Days and hours: Tuesday 04:00-05:00 p.m
Location: [street in Warsaw]
The levels will usually range from B1 to C1. As a measure of language proficiency, the scale goes from A1, A2, B1, B2, C1, and C2. A1 is absolute beginner. B1 means that the student can talk about regular matters of work or school, travel situations, and can explain plans or reasons. Often when students reach B1, they begin to take courses from a native speaker, and use none of their native language in the classroom. At C1, students can discuss abstract ideas, understand longer texts, and use the language flexibly. Often these students’ lessons focus on conversation and more advanced vocabulary rather than grammar. C2 is fluent or near-fluent proficiency, understanding even the finer nuances of a language.
The types of language that the students want to study are either general English, business English, or conversation. The course may meet once or twice a week, and the length and start time will vary depending on the availability of the students. The pay rate will generally range from 70-85 zloty ($17-20.50) per hour of instruction. While at first this sounds too good to be believed for an hourly rate, you must also take into account the time it takes to travel to the course location, as well as the time necessary to prepare lessons, and the time and cost of printing materials.
My company has an extensive library of language books and materials that range across all levels and topics. I’m able to borrow any of these materials for any amount of time, and then make copies for the students. I generally use a combination of lessons from the books, along with materials I find online if the students request to cover a specific topic.
When another teacher needs someone to substitute for them in a lesson, my company will email us with this information too. If it’s able to fit in my schedule, I like taking on substitutions as it lets me meet new people, travel to a new area of Warsaw, and set up a conversation lesson which are often the most enjoyable to teach.
An additional note about printing and copying for those planning to study in Warsaw: Collegium Civitas does not have a printer or copier available for students to use. I can print and copy for free at the location of my LC, but it takes around 30 minutes (one way) to commute to that location from the city center (where I live, study at CC, and choose to work). I usually opt to go to a local print shop that charges 0.09 zloty per page (0.02 USD), with a student discount. I’ve accepted this as the cost of convenience, and consider it a better option than expending the time to travel to the free printing.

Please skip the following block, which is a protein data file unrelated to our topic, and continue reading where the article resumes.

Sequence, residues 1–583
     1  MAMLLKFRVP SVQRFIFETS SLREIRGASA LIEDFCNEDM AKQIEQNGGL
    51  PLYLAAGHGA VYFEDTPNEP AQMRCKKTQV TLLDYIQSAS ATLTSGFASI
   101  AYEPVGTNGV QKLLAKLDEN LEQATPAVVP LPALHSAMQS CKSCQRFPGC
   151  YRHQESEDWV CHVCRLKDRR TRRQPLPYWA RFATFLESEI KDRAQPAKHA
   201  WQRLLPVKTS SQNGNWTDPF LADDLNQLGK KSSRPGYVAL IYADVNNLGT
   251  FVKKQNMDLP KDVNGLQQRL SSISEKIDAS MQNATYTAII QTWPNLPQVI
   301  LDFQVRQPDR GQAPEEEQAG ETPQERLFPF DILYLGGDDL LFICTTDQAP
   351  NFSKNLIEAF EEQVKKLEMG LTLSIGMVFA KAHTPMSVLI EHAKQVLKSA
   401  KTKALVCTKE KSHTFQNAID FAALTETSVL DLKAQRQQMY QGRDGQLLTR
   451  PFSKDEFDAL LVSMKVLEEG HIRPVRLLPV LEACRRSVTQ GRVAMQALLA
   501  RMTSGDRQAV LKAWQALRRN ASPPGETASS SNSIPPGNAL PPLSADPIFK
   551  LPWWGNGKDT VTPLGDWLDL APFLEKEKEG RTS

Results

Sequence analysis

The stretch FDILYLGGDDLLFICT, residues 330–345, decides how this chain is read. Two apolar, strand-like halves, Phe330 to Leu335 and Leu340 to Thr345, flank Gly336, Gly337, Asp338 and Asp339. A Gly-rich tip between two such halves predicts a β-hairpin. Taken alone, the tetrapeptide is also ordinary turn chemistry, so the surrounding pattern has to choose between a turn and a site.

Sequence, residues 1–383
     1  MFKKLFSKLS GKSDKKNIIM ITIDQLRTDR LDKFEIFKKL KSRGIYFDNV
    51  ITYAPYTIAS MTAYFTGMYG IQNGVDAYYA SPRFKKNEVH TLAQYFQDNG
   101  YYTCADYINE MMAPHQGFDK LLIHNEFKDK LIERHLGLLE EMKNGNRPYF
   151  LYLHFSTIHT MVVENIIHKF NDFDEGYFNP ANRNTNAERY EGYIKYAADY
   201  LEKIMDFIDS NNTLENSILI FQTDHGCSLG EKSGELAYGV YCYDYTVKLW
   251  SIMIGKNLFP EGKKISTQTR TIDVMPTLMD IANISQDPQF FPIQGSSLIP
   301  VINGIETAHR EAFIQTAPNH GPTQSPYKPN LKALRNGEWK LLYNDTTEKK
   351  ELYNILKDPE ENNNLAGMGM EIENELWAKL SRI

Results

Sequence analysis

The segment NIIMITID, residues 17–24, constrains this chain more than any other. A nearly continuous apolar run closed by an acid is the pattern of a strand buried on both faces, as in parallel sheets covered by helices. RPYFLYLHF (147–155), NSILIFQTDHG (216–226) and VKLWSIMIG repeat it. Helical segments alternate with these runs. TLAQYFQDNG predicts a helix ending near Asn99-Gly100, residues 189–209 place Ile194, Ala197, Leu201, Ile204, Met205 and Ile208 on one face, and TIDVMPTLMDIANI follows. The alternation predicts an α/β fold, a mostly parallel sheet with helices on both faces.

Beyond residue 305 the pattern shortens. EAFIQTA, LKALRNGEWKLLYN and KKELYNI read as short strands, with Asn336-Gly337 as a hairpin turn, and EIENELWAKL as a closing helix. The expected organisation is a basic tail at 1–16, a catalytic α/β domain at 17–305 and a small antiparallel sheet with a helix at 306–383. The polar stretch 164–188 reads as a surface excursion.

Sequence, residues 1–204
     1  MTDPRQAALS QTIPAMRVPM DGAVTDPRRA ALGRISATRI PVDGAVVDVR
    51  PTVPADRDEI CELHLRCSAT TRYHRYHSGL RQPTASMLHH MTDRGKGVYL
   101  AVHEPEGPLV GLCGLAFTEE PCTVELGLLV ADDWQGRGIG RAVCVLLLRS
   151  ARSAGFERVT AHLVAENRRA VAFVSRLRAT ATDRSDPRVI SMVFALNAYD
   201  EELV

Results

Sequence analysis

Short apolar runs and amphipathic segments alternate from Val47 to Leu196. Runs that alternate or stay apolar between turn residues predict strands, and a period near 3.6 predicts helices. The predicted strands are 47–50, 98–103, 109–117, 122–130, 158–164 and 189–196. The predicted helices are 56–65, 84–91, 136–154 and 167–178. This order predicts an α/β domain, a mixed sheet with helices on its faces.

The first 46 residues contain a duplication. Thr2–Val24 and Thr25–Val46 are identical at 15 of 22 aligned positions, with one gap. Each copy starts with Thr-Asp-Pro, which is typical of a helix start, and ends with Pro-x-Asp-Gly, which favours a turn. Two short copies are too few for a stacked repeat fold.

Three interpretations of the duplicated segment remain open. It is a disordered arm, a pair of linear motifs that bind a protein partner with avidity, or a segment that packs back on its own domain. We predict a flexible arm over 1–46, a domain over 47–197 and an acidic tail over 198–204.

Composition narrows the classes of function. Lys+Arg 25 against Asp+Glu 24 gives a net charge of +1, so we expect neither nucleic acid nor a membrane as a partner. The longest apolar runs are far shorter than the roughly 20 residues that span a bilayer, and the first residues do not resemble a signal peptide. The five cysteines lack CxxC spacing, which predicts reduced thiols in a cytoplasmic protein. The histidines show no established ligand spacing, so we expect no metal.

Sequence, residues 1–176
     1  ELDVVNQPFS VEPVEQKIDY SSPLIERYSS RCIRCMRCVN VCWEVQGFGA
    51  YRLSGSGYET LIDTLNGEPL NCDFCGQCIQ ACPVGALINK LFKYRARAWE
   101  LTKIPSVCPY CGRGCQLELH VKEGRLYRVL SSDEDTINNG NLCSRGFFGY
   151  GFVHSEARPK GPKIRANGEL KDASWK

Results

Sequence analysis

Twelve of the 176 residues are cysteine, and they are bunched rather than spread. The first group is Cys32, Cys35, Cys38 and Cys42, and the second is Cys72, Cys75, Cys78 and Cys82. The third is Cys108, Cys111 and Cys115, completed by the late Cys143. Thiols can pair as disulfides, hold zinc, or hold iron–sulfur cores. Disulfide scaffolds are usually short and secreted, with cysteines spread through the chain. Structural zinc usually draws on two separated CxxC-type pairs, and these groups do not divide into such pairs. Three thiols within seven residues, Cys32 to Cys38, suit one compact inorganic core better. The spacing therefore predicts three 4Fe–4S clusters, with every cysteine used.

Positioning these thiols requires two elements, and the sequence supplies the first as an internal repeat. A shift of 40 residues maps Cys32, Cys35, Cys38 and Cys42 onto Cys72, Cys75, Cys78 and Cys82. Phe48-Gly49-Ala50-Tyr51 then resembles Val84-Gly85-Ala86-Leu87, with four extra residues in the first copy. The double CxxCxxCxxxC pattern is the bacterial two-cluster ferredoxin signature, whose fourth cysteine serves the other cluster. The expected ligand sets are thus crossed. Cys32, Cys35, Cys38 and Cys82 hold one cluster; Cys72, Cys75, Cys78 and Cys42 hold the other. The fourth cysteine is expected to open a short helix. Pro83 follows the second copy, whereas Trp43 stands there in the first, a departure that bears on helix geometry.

In my current schedule, I teach four different courses, one of which meets twice a week, and one that meets on Saturdays, making a six-day work week when combined with classes every weekday at Collegium Civitas. Two courses are individual lessons, and the other two are groups of around seven people. The courses generally last about three months, so I’ve been teaching the same groups since October, and two of these courses will be finished at the end of January. This is fairly good timing, as I’ll need to figure out my new spring semester schedule (beginning the last week of February), and may not have the same times available to work.
So Should You Do It Too?
So far I’ve quite enjoyed all of my experience teaching here in Warsaw. All of my students are adult working professionals, and they take these lessons seriously since it will benefit their work. These courses have also allowed me to further develop skills in teaching very particular subjects, primarily that of English for business. It’s also incredibly beneficial that I’m able to select my work schedule around my class schedule at Collegium Civitas.
Although my particular hiring situation is rather complex, and even though the frustration makes me wonder why I didn’t decide to work in a developing country and simply be paid under the table, I’m glad that I’ve had the opportunity to help others study language, something I myself enjoy as well. I’m also thankful for the opportunity to support myself while I’m still a student. Of course this situation may not be true for other internationals working or teaching in Warsaw, arrangements will vary between schools and companies, but this has been my experience so far.
For the teachers I’ve convinced to move to Warsaw, here are a few popular companies in the city with links to their websites:
Speak Up (with locations all across Poland)